LONDON — Dutch designer Hella Jongerius’ exhibition Breathing Colour at London’s Design Museum (June 28 – September 24, 2017) experiments with manipulation of form, material, hue and light to explore the relationship between those variables and how color is perceived. This is especially evident in Jongerius’ jaw-dropping, gorgeous wheel of vases, which have been lacquered with metal oxides. Each step in the round yields a new account. brace yourself
From the artist:
We see the world in a rich mix of colours, but we rarely appreciate how complex they can be. We often view colours as consistent, categorised by paint charts and standardised colour systems. Colours were once produced by mixing pigments into infinite permutations, but now we select them according to a name or code on a chart.
The exhibition blurs the boundaries between art and design, the museum writes. Drawing on Jongerius’ extensive decades-long research into how our minds interpret what our eyes behold — utilizing three lightscapes in three spaces, each simulating morning, noon or night — Jongerius asks observers to question the way they experience color.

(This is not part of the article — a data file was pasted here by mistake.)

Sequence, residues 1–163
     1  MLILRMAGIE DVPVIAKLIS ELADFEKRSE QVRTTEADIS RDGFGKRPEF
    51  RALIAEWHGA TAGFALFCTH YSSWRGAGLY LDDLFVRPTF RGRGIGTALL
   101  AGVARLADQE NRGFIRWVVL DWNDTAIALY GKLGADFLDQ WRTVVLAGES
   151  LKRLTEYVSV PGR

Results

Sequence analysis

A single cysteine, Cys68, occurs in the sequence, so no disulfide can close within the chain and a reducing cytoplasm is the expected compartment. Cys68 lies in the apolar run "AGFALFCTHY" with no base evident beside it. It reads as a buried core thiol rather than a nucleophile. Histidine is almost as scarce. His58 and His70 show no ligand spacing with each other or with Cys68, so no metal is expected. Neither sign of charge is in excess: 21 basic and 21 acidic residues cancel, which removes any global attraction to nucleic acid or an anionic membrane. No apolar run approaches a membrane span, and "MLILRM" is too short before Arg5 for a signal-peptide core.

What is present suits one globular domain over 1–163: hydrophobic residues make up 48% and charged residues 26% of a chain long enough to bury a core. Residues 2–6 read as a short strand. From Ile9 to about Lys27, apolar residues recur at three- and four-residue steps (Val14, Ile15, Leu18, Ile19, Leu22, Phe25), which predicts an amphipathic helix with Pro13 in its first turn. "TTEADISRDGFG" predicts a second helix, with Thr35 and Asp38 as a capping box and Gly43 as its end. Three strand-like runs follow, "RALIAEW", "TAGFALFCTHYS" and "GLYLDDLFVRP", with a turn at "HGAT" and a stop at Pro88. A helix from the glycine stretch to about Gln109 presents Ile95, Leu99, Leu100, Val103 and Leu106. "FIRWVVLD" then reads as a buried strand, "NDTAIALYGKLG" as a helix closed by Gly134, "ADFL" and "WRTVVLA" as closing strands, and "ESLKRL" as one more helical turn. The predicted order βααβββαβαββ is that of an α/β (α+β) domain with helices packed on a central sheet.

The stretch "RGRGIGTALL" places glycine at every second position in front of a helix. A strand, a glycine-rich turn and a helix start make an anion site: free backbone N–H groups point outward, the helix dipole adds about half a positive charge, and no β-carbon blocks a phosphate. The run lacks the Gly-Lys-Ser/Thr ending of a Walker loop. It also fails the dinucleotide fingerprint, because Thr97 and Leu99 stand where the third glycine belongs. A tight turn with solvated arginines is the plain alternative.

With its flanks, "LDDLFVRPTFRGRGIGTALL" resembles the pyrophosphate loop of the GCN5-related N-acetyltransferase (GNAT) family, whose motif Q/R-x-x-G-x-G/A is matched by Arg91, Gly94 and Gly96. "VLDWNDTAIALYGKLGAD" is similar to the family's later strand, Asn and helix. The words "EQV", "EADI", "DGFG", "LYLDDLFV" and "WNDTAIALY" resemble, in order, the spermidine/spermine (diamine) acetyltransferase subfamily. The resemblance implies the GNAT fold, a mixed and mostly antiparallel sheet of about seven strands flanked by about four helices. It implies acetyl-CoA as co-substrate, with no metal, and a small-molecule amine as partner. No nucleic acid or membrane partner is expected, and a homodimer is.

These three phases explore the impact of changing daylight on our perception of colour. Each installation includes a series of three-dimensional objects as well as textiles, some of which are hand-woven while others are produced on industrial looms.
The exhibition also includes Jongerius’ geometric vessel-like “color catchers.” She tells Dezeen she doesn’t use any black to attain darker hues.
“In the five greys in the colour catchers, I don’t use any black. It is a mix of whites and reds and greens to make greys. It’s so wonderful, and it’s a totally different kind of grey that we can buy as industrial designers as plastic granulates or in powder coats. It’s a much nicer way of getting a dark colour – it’s multilayered.”
Jongerius, who serves as art director of colour and surfaces for Vitra, tells Dezeen that colors can breathe if you used right, and she explains that’s a game changer for how the industry can utilize color while maintaining the color’s integrity.
[She] argues that the processes of industrialisation have narrowed our experiences of colour. This exhibition explores how we can‚ let colours ‘breathe’ again and look at them in a more intimate and personal way.
Be sure to check out the Q & A with the Design Museum here. Our computer screens just can’t do this exhibition justice. Luckily, the it’s ongoing until mid-September.
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